Doctor's office
Enter your doctor's name to get office information.
Find labs in your network
Enter your primary care doctor's name to find labs in your network.
Find urgent care centers in your network
Enter your primary care doctor's name to find urgent care centers in your network.
Verify your medical group

Refer to your insurance card or call your insurance provider to determine your medical group.

You can also search for your primary care doctor to find the medical group you and your doctor belong to.

FollowMyHealth®
Driving Directions
Cart
Update Information
Forgot Password

Please enter your e-mail address.

Sharp Health News

Sunscreen for babies: What to use and when to start applying

June 9, 2022

Baby with sunscreen on face

Summer in San Diego means beach outings, barbecues, lazy days by the pool and plenty of sunshine. While enjoying the outdoors, it’s important to remember that the sun’s rays can be harmful — especially for babies.

Infants and babies are more vulnerable to the damaging effects of the sun because they haven’t yet developed all of the melanin in their skin. Melanin is a natural substance that gives color (pigment) to hair, skin and the iris of the eye. It also helps protect skin from the sun. Practicing sun safety will help protect your little one’s oh-so-soft and sensitive skin.

Sunscreen is a primary sun-safety tool, and one of the best defenses against sunburn and skin cancer. But what do parents need to know about sunscreen for their babies? Here, we answer common sunscreen questions and provide tips for a safe summer in the sun.

When can babies wear sunscreen?
Sunscreen can help shield a baby’s skin from the sun’s damaging ultraviolet (UV) rays. But before you start slathering, consider your baby’s age. Sunscreen recommendations are different for younger and older babies.

Dr. Teresa Hardisty, a pediatrician with Sharp Rees-Stealy Medical Group, regularly advocates people should spend more time in nature. But she says the safest sun protection for infants is to stay in the shade. “It’s best to keep babies less than 6 months of age out of prolonged, direct sunlight,” she says.

Additionally, Dr. Hardisty notes that due to their sensitive skin, it’s recommended to wait until a baby is at least 6 months old before introducing sunscreen. For babies older than 6 months, you can apply sunscreen to all areas of the body. But remember to be careful around the eyes.

What sunscreen is best for babies?
When choosing a sunscreen, Dr. Hardisty recommends a hypoallergenic, fragrance-free cream formula. It’s the gentlest option for babies and is less likely to cause irritation. For sensitive areas, such as the nose, cheeks, tops of the ears and shoulders, the American Academy of Pediatrics (AAP) suggests choosing a mineral sunscreen with zinc oxide or titanium dioxide.

Be sure to choose a sunscreen that says “broad-spectrum” on the label. This indicates the sunscreen will block both ultraviolet A (UVA) and ultraviolet B (UVB) rays. A sunscreen with an SPF of at least 30 is best and should be applied 15 to 20 minutes before going outdoors to allow enough time to absorb into the skin.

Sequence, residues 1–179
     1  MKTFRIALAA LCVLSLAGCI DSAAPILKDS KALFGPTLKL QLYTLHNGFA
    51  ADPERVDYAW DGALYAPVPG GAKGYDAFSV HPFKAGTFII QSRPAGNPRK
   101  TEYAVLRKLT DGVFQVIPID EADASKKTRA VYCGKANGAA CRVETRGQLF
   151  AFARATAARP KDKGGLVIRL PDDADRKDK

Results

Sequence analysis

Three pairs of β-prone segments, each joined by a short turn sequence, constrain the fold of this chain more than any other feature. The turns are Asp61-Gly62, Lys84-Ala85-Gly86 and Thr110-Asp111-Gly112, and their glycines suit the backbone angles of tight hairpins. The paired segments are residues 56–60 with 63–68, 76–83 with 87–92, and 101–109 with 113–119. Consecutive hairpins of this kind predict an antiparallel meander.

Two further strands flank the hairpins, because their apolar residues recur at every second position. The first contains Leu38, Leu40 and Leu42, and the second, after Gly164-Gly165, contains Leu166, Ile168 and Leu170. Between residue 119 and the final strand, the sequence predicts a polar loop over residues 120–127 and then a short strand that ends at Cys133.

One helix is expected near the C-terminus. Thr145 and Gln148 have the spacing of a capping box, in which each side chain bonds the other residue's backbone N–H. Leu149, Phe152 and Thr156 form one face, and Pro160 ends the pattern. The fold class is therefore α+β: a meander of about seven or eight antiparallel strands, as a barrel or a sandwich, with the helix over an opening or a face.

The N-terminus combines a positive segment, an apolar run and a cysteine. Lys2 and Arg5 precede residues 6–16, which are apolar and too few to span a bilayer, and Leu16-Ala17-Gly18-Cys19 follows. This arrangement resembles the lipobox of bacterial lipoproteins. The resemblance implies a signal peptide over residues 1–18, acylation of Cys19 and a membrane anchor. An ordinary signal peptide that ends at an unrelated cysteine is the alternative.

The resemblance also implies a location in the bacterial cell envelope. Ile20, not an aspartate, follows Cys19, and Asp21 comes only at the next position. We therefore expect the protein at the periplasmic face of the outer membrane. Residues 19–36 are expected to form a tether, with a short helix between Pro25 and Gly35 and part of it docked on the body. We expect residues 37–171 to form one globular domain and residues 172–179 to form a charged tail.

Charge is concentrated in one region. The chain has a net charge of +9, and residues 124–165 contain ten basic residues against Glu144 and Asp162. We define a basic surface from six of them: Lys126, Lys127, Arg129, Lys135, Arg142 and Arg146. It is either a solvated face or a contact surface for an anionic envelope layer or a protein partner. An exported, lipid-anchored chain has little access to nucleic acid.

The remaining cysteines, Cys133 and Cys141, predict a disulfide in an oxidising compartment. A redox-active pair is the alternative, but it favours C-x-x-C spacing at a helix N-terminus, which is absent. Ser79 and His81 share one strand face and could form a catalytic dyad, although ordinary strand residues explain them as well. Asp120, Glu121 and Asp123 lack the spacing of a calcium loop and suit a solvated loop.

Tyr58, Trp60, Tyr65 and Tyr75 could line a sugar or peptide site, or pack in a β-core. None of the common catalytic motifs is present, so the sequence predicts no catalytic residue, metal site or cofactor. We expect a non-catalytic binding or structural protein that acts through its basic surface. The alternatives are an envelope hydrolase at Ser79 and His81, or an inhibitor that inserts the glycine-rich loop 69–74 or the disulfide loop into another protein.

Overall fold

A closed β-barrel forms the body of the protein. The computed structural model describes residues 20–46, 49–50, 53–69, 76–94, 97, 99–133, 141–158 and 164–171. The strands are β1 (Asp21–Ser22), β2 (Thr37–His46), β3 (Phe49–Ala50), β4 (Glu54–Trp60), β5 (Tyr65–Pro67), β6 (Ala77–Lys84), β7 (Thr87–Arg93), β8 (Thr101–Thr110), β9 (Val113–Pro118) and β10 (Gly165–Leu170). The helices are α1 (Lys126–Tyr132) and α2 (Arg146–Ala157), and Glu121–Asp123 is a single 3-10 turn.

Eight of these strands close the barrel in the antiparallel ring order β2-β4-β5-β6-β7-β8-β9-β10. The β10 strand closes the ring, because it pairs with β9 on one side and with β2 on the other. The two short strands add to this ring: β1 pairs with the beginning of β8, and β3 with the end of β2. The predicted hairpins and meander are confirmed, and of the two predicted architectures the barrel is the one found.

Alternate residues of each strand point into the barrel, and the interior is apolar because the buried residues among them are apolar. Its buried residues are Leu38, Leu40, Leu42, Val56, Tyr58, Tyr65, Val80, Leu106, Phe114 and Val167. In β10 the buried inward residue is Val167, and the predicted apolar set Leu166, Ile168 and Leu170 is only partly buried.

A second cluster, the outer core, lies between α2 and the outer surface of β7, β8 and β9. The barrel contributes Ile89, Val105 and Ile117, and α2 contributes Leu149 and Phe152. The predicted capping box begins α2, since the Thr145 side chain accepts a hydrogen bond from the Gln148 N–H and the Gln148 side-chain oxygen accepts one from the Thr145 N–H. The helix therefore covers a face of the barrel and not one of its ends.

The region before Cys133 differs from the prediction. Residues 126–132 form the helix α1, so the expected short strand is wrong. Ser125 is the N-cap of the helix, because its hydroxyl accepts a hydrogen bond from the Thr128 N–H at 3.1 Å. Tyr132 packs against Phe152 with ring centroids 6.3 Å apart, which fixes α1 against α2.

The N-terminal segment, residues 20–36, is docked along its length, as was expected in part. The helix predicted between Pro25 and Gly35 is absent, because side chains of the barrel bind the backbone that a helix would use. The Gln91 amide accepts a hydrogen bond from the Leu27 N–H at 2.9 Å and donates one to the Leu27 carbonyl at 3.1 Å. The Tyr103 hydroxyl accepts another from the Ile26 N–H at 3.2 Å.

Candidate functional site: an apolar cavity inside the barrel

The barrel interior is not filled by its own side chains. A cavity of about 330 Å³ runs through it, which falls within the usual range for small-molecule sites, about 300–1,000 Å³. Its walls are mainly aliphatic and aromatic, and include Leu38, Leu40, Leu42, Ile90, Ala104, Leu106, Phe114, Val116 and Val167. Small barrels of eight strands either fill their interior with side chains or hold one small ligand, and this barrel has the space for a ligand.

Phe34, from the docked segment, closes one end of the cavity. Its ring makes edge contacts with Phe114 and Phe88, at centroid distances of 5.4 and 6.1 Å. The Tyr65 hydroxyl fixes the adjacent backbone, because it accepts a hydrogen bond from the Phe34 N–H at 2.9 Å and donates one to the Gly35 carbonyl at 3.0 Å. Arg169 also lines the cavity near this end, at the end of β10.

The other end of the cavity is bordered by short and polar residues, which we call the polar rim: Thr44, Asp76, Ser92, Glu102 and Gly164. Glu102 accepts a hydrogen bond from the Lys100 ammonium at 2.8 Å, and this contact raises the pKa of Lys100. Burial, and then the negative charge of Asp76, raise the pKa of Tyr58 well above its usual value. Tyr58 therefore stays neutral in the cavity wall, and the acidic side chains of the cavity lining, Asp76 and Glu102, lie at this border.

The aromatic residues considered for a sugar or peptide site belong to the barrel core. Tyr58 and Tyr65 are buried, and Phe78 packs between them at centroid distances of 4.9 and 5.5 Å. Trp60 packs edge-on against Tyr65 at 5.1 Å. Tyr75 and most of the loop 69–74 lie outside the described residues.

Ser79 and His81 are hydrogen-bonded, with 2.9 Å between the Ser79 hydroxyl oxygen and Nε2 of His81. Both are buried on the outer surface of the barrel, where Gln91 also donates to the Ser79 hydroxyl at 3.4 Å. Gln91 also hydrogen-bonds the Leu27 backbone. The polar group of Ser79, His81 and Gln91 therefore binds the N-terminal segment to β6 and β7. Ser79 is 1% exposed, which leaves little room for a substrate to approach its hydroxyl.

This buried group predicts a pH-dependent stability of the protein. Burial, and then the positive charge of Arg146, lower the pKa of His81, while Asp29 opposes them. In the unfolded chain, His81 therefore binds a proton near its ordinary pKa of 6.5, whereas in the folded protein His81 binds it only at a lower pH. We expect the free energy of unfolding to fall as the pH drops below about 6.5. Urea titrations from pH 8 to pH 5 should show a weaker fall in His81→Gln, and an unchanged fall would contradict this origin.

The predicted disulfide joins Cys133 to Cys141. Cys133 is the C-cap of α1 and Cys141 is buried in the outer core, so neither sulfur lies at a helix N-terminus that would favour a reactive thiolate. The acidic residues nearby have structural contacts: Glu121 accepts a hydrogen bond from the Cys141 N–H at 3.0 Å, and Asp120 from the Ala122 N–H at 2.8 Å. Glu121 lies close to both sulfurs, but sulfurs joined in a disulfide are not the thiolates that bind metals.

Allergic reactions to sunscreen are rare. However, it’s recommended you apply a small patch test on your baby’s skin first to check for any signs of irritation.

How else can I protect my baby from the sun?
“In addition to sunscreen, wide-brimmed hats and sun-protective clothing are best for prolonged time in the sun,” Dr. Hardisty says.

When possible, she also advises people avoid scheduling outdoor activities between 10 am and 4 pm — the hours when the sun is at its strongest and UV rays are more intense.

To get an idea of how strong the sun’s rays are on any given day, check the UV index in your area. You can find this measurement on many weather apps or by visiting the Environmental Protection Agency (EPA) Sun Safety page and entering your city or ZIP code.

The UV index is measured on a scale from 1 to 11-plus. The higher the number, the greater the risk of sunburn or skin damage. Try to reduce your child’s time in the sun when the UV index is 3 or higher and use extra sun protection.

As parents make their summer plans, Dr. Hardisty advises they keep their little ones safe from too much sun exposure. Protection from the sun is important at all stages of life, she says, but it’s even more crucial for infants and babies.

You might also like:

Choose the doctor who's right for you.

At Sharp, we make it easy to find an exceptional doctor — right where you live and work.

All Categories
Contact Sharp HealthCare
Call us

Call 1-800-827-4277 or view our detailed phone directory.

If you are experiencing a medical emergency, call 911 or visit the nearest emergency room.


Email us

Please do not use this form to convey personal or medical information.

How would you like to be contacted?
Date of birth
Optional


What's This?

These important numbers are located on your billing statement.

Find your Sharp Rees-Stealy account number

Find your SharpCare account number

Find your SharpCare account number
What's GDPR?

The General Data Protection Regulation (GDPR) governs the processing of personal information gathered from individuals while they are in the European Union (EU) and parts of the EEA (European Economic Area, which currently includes Iceland, Lichtenstein and Norway).

We are sorry, but we are unable to process your price estimate if you live or are travelling within the EU or affiliated nations.

What's This?

Many surgery and procedure names sound similar. If possible, please provide the current procedure terminology (CPT) code, which can be found on the order from your doctor.

If you cannot provide the CPT code, please contact your doctor's office for the CPT or a detailed description of services.